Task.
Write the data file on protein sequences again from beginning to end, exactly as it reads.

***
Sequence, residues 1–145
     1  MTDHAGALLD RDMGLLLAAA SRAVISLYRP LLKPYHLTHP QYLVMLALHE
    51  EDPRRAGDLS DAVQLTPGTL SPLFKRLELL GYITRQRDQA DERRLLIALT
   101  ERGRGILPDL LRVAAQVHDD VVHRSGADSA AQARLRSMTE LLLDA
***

Sequence, residues 1–145
     1  MTDHAGALLD RDMGLLLAAA SRAVISLYRP LLKPYHLTHP QYLVMLALHE
    51  EDPRRAGDLS DAVQLTPGTL SPLFKRLELL GYITRQRDQA DERRLLIALT
   101  ERGRGILPDL LRVAAQVHDD VVHRSGADSA AQARLRSMTE LLLDA